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Should you tell your medical school about your disability?

Have you struggled all the way through medical school without letting anybody -- or, at most, a select few people -- know about your disability? Is it time to open up about your disability before you matriculate and apply for licensing?

You may feel that the risk of exposure and the possible negative consequences you'll experience by disclosing your disability isn't worth it.

However, consider the following:

1. Even if you've kept your disability secret out of a sense of privacy, you may be doing yourself a serious disservice by not reporting it to your school's disability officer. Doing so allows you to request reasonable accommodations during your medical board testing. Unless you pass that test, all your sacrifices and hard work will have gone for nothing.

2. Accommodations are your legal right. Discrimination against you on the basis of a legitimate disability is illegal and schools and medical licensing boards are sensitive to that fact. Most of the accommodations are fairly small and people do not generally regard it as an "unfair" advantage (if that is what worries you). Some of the most common accommodations include:

  • A private testing room (which can help with disabilities like Asperger's or attention-deficient disorder (ADD)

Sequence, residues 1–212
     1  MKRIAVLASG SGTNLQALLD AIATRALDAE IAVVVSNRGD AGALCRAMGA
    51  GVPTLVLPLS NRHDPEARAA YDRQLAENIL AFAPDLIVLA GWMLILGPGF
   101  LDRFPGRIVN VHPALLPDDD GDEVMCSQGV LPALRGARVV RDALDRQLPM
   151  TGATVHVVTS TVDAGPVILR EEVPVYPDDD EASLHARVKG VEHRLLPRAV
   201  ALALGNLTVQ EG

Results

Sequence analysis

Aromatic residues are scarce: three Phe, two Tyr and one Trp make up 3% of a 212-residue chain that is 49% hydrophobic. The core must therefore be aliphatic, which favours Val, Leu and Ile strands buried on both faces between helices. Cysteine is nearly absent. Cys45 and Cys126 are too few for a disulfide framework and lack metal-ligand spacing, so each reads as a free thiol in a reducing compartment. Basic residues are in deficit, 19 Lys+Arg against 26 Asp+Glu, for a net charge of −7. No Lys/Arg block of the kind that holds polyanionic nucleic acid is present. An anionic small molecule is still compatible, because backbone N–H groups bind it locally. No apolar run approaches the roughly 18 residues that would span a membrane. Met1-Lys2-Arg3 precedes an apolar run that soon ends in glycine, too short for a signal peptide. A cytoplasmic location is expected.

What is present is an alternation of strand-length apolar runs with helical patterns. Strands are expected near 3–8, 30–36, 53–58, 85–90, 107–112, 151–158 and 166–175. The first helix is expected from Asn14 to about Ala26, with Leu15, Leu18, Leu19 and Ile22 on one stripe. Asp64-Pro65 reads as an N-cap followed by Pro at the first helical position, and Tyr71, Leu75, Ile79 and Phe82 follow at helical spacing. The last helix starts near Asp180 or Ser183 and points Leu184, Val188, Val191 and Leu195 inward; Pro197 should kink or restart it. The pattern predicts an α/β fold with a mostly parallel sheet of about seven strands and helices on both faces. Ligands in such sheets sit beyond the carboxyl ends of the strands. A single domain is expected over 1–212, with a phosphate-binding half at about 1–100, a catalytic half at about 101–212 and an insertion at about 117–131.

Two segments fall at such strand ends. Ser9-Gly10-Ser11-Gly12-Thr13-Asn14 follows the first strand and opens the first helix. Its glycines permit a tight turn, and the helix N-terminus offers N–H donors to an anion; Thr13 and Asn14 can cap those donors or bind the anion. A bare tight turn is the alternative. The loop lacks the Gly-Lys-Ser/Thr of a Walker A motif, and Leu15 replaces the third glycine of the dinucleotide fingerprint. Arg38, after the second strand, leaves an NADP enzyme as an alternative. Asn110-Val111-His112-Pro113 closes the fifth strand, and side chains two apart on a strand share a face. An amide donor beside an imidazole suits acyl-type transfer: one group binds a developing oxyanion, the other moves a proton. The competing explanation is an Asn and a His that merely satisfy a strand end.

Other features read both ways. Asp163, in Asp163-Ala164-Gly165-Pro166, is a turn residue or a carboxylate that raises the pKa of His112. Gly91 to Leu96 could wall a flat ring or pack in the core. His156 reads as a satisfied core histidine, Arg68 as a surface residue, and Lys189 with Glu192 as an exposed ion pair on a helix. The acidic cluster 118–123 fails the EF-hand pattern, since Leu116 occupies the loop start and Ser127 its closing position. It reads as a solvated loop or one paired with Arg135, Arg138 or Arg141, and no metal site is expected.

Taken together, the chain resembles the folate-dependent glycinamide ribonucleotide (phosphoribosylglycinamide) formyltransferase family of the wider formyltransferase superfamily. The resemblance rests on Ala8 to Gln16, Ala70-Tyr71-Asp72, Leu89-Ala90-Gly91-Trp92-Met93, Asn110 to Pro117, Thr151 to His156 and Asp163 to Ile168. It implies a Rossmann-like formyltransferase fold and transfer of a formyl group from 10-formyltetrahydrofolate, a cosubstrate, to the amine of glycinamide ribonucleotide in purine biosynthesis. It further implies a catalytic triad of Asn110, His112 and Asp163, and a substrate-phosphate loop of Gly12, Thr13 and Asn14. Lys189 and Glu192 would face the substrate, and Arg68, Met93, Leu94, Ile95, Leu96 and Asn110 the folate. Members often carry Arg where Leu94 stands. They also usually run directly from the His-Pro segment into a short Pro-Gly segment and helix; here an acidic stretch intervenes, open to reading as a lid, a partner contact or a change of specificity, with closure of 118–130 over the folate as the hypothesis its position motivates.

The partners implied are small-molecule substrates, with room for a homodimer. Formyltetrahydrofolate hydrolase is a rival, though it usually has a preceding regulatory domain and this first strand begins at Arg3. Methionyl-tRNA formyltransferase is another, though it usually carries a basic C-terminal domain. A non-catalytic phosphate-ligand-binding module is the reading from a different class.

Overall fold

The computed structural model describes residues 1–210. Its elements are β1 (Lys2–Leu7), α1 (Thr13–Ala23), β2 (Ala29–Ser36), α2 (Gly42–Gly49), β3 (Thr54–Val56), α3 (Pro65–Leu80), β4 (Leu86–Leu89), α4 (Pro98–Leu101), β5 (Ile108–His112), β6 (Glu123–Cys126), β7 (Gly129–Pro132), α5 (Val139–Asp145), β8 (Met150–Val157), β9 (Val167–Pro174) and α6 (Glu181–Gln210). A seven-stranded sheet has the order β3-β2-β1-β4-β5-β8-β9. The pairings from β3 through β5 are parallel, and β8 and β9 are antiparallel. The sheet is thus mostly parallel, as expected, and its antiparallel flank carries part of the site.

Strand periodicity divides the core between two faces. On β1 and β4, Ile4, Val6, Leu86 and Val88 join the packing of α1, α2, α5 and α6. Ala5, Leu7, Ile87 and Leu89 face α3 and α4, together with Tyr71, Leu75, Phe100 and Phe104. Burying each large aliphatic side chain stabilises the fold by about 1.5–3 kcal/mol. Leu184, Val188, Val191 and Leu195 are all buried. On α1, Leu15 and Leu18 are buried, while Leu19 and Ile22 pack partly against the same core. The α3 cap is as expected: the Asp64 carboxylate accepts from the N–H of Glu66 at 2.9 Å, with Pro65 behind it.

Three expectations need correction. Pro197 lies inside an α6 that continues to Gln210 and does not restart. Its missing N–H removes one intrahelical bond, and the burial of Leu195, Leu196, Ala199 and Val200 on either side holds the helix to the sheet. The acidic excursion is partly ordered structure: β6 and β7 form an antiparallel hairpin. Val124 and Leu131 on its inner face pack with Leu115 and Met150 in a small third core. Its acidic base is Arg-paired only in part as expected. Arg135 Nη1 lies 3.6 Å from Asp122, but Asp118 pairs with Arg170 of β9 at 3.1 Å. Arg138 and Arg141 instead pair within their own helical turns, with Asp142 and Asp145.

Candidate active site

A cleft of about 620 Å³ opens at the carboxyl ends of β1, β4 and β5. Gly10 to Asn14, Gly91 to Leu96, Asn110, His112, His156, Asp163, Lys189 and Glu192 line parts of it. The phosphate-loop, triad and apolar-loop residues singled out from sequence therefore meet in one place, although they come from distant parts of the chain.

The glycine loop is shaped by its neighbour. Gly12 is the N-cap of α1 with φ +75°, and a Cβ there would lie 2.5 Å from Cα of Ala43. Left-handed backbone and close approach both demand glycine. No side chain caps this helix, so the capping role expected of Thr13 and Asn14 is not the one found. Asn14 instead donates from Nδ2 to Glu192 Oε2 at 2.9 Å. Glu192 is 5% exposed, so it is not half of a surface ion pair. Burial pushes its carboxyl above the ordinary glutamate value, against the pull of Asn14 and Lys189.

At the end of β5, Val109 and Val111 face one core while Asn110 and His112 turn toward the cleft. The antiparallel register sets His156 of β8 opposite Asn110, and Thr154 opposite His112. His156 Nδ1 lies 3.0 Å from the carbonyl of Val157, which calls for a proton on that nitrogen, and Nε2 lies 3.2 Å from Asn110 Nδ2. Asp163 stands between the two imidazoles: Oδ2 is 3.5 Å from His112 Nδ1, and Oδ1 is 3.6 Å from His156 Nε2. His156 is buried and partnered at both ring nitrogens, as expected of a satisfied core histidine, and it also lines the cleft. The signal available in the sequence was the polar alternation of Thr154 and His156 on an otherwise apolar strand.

• A reader (which can help those who struggle with visual processing disorders)
  • Extra breaks or time for the exam (which may accommodate certain physical disabilities that require you to move around, stop to eat something or increase fluid intake -- which means more necessary bathroom breaks)

3. You may need time to provide additional evidence -- including updated medical information if the evidence you have of your disability is fairly outdated. By giving your school the information ahead of graduation, you give yourself the time necessary to set up accommodations when it comes time to the most important test you have in your future.

Receiving a professional medical license is an achievement that deserves a great deal of admiration. Don't allow your disability, fear of discrimination or fear of judgment hold you back. If necessary, you can seek legal advice about your rights before you proceed with your disclosure or if you find the school resistant to your requests.

Source: FINRA.org, "Exam Candidates Requiring Special Accommodations," accessed Nov. 24, 2017

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